Wednesday, April 8, 2020

Book Review: Nickel Boys by Colson Whitehead

Inspired by a true media account of a brutal reform school closed in 2011, Nickel Boys is one of the many stories about the trauma of repeated persecutions against people of colour in America. 
The school that inspired the ´Nickel´ literary equivalent, Arthur G. Dozier School for Boys, operated between 1900 and 2011, writing a terrible history of abuse, beatings, rape, torture and murder of students by the staff. However, the refined prose of Colson Whitehead is less focused on the terrible events that destroyed and marked for ever the life of the children, but instead it is dedicated to tell mostly the story of two of the ´inmates´: Elwood and Turner. Only one of them will live to tell the full story and eventually to be a witness against those who traumatized the children.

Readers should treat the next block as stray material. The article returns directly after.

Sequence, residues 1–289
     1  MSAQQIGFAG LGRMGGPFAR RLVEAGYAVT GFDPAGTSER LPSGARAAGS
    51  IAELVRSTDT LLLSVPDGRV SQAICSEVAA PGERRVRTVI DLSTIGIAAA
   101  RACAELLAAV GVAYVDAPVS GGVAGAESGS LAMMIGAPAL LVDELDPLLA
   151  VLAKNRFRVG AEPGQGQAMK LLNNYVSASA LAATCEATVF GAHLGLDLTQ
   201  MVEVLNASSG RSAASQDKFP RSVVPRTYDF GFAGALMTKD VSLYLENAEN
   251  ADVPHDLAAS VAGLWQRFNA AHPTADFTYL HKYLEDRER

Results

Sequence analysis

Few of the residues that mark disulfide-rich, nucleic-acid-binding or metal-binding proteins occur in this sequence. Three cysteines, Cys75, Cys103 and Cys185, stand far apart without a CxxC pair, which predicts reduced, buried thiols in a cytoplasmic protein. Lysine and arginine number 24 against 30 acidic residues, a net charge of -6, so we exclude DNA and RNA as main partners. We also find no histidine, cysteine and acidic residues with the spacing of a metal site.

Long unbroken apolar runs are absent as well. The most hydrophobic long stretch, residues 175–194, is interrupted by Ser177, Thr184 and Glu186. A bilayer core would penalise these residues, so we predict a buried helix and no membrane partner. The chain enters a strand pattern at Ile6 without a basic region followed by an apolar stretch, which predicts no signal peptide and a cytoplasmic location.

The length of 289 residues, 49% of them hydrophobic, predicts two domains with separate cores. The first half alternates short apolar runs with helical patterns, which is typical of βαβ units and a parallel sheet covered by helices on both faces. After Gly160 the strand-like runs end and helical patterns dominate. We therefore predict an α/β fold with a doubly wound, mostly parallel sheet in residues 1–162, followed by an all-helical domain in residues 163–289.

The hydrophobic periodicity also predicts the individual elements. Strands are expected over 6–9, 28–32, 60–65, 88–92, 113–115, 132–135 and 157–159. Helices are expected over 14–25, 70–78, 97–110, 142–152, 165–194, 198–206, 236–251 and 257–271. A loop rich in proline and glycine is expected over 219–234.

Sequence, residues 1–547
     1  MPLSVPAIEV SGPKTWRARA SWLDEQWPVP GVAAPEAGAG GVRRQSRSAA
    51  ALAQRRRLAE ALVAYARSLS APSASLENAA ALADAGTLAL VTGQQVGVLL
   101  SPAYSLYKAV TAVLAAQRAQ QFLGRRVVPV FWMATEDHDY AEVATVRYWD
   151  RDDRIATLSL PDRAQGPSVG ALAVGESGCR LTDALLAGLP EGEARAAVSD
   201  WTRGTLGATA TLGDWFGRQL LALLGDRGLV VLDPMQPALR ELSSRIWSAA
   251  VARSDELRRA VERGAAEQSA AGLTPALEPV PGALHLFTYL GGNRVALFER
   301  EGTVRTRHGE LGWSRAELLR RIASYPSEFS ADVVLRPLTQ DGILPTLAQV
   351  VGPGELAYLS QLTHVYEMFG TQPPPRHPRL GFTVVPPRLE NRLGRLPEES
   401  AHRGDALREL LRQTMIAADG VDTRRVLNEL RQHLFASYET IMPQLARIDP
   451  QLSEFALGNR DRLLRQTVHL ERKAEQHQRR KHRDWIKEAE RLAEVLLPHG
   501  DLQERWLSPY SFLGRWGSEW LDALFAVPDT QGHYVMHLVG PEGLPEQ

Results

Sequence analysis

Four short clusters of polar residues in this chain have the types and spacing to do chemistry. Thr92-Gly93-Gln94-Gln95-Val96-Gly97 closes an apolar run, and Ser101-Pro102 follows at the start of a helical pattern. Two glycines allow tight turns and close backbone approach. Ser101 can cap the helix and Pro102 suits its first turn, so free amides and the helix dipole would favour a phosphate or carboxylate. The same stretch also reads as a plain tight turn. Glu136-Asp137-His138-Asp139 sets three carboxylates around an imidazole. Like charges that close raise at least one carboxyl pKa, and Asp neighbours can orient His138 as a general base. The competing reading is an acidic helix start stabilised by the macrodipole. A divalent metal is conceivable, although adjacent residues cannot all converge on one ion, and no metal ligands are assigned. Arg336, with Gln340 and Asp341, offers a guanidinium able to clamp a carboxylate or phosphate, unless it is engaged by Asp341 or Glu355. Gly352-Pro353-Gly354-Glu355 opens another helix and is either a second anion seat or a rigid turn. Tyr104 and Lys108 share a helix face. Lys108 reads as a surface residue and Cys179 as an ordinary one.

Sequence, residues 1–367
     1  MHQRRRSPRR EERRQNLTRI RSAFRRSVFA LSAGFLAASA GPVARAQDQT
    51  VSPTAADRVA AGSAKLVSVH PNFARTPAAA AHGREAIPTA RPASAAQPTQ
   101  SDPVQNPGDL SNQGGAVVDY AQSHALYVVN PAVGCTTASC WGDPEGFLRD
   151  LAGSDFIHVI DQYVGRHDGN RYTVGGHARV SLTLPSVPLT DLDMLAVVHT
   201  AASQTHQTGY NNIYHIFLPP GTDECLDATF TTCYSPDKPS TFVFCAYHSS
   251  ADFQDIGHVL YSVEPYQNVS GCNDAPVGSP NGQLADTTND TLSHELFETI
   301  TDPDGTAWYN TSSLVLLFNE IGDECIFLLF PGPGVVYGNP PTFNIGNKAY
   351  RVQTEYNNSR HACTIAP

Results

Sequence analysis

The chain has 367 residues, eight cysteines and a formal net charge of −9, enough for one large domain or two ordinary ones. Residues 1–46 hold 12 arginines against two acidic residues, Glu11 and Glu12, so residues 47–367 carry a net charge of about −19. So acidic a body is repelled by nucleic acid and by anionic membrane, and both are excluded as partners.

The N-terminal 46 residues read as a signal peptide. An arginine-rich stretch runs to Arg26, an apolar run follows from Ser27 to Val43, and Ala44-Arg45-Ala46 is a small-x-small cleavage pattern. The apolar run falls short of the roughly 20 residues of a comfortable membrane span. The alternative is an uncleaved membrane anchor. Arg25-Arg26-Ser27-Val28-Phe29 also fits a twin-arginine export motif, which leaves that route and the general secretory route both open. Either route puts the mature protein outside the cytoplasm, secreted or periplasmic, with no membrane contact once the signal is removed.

Elwood is the strongest character of the book, reflecting the cruel contradictions of his times. He is breathing the optimistic messages of Martin Luther King and believes with the strength of a child´s innocence in change. However, the structures of power and mentalities, especially in Florida where the Nickel School is located are rather favorable to the Klan mentality, including among the middle class. He trusts though the ultimate decency in every human heart and in justice. It was too early, for sure, but this is what protects a good soul from turning into an evil one. 
The more I read about the stories of segregation in America I realize how limited my knowlege about this topic was, due to lack of information and direct insights. Somehow, I was almost convinced that as long as the black soldiers were fighting on behalf of America during WWII, there were no logical reason to believe they did not have equal rights. As Elwood says in Nickel Boys though: `(...) it was one thing to allow someone to kill for you and another to let him live next door`. It seems I have a lot of serious reading to catch up in this respect.
Nickel Boys is a short yet inspiring read. I got caught by the story, but equally by the elaborated structure of the sentences and the writing in general. I may say that as for now, it´s my favorite Whitehead´s books.

Rating: 4 stars

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